When does old-fashioned become tradition,
and when does out-of-date become charming?
When does classic become obsolete,
and when does old become ineffectual?
When does inexperience become opportunity,
and when does youth become hindrance?
When does an explanation become an excuse,
and when does a lens become a bias?
How can you live during every societal revolution of the last fifty-plus-years,
and still blame your bigotry on you being from a different time?
How can you boast about having lived, really lived,
and in all those years, still have learned nothing?
Ascension as a Mixed-Bag
The elevators are cramped, and frightfully fast,
And every day I stand rigid as thirty-five floors shift to below me.
There are loads of men, who flit through the building,
Up and down and up and down—
They enter after me and stand near the front.
Then they wait for me to pass, because for them it is polite,
For them it is polite,
For them it is polite.
And they’ll get a good look at my ass as I walk ahead.
They have no sense of space.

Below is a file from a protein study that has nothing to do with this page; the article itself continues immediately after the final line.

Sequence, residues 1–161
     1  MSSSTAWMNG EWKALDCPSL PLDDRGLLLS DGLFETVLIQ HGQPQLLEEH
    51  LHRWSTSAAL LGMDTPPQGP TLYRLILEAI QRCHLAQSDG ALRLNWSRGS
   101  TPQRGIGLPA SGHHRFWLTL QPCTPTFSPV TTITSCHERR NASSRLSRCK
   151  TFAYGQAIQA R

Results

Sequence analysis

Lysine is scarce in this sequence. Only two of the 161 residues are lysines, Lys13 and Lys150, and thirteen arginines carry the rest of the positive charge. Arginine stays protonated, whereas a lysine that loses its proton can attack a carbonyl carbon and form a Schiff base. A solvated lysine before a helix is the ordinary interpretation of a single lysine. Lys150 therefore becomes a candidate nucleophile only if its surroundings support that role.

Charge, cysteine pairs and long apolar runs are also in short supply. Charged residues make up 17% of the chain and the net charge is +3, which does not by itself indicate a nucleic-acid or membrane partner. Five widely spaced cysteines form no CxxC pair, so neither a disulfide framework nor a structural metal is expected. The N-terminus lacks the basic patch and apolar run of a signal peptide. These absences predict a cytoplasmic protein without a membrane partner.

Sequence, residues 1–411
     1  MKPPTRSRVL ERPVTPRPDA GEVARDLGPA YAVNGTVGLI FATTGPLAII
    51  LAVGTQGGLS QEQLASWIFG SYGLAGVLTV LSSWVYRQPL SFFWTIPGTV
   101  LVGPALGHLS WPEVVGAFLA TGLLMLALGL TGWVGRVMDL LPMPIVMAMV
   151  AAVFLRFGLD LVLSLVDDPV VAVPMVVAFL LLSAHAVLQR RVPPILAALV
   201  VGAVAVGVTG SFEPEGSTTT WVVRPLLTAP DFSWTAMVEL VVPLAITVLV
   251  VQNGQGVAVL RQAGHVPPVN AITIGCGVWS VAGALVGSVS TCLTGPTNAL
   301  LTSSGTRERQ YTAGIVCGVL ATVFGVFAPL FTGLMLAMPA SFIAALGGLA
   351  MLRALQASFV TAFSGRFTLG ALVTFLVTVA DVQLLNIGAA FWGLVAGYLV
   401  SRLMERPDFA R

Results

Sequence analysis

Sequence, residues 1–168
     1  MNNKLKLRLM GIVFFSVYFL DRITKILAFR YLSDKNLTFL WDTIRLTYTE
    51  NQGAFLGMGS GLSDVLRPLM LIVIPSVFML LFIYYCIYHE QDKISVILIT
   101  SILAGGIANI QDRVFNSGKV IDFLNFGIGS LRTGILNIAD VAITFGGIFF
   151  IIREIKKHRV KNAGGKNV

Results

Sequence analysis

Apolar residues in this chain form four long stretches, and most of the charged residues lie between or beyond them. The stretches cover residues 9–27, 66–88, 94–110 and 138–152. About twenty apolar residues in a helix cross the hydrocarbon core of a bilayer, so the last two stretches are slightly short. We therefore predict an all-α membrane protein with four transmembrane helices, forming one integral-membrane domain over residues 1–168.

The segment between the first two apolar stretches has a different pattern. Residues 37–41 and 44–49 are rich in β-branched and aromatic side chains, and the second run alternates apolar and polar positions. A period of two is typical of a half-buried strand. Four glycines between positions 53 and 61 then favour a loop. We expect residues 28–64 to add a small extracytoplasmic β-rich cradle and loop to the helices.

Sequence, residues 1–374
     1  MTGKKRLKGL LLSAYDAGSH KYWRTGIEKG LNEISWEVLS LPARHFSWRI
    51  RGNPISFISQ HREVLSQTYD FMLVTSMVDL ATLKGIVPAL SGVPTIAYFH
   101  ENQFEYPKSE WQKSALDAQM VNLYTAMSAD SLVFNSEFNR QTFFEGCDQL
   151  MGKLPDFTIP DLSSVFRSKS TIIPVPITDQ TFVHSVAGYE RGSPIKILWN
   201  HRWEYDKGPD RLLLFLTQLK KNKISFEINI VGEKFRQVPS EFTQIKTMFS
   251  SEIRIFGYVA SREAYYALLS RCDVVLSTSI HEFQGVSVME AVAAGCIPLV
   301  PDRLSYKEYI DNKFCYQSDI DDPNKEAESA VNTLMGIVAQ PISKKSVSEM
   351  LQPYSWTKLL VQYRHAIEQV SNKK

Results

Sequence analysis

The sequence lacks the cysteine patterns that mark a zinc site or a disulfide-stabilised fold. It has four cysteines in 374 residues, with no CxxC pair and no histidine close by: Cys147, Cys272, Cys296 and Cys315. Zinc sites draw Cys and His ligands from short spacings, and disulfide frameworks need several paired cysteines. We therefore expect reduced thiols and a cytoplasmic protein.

They stand blocking my way through the door,
Sweeping their hand and saying “after you, after you.”
But there is nowhere for me to go.
There are rows of them stacked in front of me,
And they are blocking the door.
I’ll take efficiency over politeness:
Stop blocking the door—
This does not happen in the elevators filled with women,
With nine of us, crammed like sardines, in three rows of three—
with our elbows grazing and our bags bumping.
It is so calm; it is so safe,
I can breathe.
We all step aside when stopped at someone’s floor.
None of this “After you, after you,”
We get out of the way,
We prioritize mobility,
We smile as we pass.
Renee LaBonte-Jones is a writer based out of Payson, Arizona, who enjoys knitting assorted rectangles, the diaries of dead authors, and 90s movies about boys and their dogs. She has an English BA from Great Basin College, and her previous published work includes a nonfiction column, short fiction, and poetry. These have appeared in The Reno Gazette-Journal, The First Line Literary Journal, Argentum Magazine, and One Sentence Poems. More information can be found at reneelabontejones.com.
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